Most of real world technical systems are subjected to input constraints, especially in financial systems. In financial systems, input saturation does exist due to a limited size of weather variables, political events, and other human factors. The existence of input saturation may decrease the control performance or cause oscillations and even lead to instability of the system [1921]. It is advisable for us to consider the control of financial systems with input saturation. For the integer-order linear and nonlinear systems, input saturation has received much attention from researchers in the past decade. The sector bounded condition associated with input nonlinearities is useful for analysis and synthesis of control systems subject to input saturation. Then the stability of the system can be formulated using Lyapunov stability theory and invariant theory.

Though many research efforts have been put to the fractional-order financial chaotic systems, the financial systems with saturated control input have rarely been investigated in literatures. Here, with the help of Laplace transform, Mittag-Leffler function, and Gronwall inequality, a linear controller will be derived for fractional-order financial chaotic systems in this paper. There are some main contributions that are worth to be emphasized as follows.(1)Two sufficient conditions are derived for the asymptotical stability of fractional-order financial chaotic systems with fractional orders and , respectively.(2)A linear controller is given to control the fractional-order financial chaotic system.(3)A memoryless nonlinearity function is employed to handle the input saturation problem in fractional-order chaotic systems.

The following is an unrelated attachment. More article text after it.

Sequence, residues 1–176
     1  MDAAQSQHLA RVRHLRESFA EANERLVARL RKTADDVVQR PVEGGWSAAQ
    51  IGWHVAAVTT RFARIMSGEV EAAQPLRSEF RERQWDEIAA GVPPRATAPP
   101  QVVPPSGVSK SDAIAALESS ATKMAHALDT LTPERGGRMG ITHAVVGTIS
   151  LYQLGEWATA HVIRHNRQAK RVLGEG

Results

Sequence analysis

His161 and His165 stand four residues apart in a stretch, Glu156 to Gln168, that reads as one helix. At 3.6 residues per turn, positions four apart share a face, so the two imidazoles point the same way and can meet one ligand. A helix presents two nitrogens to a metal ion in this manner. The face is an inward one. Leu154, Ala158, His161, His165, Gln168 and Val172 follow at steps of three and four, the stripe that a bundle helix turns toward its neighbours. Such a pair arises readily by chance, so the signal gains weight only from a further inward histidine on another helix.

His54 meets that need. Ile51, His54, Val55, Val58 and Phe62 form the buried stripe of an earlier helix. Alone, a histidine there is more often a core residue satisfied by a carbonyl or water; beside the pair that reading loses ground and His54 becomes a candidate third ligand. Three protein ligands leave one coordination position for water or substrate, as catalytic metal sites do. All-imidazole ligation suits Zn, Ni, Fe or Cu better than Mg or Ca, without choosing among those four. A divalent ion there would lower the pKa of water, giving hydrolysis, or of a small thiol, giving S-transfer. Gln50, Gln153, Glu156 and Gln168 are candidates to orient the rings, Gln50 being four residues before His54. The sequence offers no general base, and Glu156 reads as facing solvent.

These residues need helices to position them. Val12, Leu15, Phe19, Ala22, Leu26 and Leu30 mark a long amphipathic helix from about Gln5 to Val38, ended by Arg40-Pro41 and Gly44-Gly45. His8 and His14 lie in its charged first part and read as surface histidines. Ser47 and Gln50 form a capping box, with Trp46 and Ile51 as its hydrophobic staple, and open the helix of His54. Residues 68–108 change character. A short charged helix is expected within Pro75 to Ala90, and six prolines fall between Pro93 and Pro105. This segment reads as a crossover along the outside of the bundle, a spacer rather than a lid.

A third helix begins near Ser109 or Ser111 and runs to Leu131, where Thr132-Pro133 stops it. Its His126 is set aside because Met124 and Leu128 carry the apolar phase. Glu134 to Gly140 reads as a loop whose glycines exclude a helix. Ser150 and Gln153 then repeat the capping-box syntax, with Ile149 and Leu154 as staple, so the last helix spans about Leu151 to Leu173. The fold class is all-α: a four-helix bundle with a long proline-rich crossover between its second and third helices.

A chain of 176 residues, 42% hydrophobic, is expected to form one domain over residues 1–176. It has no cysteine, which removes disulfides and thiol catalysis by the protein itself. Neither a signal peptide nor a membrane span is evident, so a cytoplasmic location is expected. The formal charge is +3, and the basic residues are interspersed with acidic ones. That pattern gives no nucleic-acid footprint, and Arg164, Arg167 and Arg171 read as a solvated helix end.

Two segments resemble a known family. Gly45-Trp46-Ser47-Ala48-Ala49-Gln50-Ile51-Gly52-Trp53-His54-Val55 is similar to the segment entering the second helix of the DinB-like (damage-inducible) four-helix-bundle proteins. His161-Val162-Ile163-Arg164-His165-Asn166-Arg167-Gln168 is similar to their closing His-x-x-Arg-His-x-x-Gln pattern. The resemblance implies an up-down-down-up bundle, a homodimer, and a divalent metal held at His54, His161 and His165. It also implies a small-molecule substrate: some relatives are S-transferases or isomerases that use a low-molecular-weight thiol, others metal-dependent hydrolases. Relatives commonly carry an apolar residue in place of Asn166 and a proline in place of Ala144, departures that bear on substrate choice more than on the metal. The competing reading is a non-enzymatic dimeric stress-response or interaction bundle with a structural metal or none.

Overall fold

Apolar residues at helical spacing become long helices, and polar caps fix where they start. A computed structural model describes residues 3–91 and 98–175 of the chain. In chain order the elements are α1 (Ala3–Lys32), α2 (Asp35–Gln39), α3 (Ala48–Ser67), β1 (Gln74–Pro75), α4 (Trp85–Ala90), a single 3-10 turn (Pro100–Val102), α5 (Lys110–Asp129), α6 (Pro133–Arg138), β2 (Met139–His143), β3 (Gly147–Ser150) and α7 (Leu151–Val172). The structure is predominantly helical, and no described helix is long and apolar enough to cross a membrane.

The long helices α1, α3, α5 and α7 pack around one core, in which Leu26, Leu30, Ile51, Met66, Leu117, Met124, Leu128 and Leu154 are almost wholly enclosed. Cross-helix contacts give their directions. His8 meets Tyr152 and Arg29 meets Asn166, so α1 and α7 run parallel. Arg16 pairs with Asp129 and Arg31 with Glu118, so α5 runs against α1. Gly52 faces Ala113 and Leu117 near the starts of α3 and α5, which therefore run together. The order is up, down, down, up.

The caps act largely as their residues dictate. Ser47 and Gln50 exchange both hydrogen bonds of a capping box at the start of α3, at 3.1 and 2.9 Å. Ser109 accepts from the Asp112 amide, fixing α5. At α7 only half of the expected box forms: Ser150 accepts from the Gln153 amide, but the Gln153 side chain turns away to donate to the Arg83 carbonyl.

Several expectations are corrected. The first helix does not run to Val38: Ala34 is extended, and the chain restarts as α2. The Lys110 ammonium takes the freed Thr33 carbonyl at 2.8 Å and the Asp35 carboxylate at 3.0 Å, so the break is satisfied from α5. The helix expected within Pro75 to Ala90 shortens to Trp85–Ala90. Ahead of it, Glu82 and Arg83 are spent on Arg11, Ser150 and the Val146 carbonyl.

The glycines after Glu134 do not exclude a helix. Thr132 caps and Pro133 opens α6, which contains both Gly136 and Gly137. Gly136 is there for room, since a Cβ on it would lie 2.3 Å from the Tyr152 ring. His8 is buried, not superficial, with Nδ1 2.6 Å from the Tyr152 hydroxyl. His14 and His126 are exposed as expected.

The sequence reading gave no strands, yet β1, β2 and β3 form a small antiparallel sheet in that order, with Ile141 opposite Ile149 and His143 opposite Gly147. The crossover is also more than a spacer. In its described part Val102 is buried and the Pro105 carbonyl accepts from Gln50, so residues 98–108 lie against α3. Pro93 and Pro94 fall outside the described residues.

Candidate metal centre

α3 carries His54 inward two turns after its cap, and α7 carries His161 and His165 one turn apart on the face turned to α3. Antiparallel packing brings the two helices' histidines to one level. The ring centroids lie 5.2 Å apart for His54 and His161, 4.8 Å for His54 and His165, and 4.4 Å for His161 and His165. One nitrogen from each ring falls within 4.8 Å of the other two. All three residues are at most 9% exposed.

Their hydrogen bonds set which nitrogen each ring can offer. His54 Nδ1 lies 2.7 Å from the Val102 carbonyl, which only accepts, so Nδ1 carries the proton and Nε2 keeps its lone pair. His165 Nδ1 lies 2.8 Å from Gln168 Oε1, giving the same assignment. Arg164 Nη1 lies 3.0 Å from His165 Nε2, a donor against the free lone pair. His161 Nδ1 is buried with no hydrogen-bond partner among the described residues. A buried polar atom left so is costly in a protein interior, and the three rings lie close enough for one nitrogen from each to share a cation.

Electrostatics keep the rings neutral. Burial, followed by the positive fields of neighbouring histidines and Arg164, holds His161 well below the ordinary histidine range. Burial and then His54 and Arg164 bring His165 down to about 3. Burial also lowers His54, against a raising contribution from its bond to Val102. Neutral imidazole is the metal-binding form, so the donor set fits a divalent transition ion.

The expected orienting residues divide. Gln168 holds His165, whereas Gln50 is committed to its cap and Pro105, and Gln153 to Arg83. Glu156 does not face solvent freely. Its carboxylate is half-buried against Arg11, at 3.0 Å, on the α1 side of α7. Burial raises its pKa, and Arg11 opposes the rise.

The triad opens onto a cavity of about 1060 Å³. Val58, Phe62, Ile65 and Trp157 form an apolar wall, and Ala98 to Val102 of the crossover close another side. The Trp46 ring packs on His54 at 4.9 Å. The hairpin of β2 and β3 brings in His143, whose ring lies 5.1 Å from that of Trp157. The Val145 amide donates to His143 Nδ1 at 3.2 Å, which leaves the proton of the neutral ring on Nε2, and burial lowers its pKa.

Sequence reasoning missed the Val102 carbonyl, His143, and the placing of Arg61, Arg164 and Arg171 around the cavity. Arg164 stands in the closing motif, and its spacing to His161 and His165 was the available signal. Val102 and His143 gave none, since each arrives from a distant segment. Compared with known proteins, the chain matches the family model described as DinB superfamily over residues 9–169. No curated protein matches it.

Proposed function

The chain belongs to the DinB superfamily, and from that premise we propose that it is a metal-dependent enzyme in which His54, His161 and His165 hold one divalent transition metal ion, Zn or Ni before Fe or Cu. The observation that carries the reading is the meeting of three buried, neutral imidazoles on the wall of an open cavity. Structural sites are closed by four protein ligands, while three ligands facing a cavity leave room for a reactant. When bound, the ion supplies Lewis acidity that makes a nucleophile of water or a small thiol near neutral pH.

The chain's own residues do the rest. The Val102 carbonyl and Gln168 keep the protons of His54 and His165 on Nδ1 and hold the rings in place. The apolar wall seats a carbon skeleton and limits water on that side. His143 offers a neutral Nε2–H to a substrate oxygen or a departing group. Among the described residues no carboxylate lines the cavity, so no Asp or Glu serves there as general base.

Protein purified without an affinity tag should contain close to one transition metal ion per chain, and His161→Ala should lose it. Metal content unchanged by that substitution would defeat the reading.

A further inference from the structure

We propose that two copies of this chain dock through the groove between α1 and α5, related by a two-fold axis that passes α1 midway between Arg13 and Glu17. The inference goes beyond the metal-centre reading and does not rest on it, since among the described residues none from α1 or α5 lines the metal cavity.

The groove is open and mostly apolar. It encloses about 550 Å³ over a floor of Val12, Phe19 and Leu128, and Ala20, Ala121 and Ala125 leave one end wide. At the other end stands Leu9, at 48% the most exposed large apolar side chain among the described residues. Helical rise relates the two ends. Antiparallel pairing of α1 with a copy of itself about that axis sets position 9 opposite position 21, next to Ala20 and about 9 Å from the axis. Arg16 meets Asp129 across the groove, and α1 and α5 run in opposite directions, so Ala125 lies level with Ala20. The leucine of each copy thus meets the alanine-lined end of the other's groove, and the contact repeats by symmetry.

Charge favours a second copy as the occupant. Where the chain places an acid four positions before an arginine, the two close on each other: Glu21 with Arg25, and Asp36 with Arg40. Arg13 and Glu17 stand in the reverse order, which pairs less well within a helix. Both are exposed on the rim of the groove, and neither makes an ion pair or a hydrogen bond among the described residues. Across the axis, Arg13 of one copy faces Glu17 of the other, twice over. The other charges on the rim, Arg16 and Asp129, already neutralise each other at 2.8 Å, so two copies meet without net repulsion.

2. Preliminaries and System Description

2.1. Preliminaries

The Caputo definition of fractional-order derivatives can be expressed as [2124] where represents the fractional order and the Euler function is defined as .

The Laplace transform of Caputo fractional derivative can be given as

The following definition and lemmas will be used.

Definition 1. The Mittag-Leffler function with two parameters can be written as where and , and its Laplace transform can be given as

Lemma 2 (see [22]). If , is an arbitrary real number, and is a real constant, then where with satisfying .

Lemma 3 (see [24]). If and where and all the functions involved are continuous on the interval , then we can obtain

Definition 4 (see [18]). A memoryless nonlinearity is said to satisfy a sector condition if the following inequality holds: for constant matrices and , where is a symmetric positive matrix and contains the origin.

Based on the Definition 4, the following lemma holds.

Lemma 5 (see [18]). Let where with , and then the following inequalities are equivalent:(1);(2);(3).

Lemma 6. The autonomous dynamic system is asymptotically stable if the following condition holds:

The stability region for is depicted in Figure 1.

802429.fig.001
Figure 1: Stability region of linear system (11) with fractional order .
2.2. Description of Fractional-Order Financial Chaotic Systems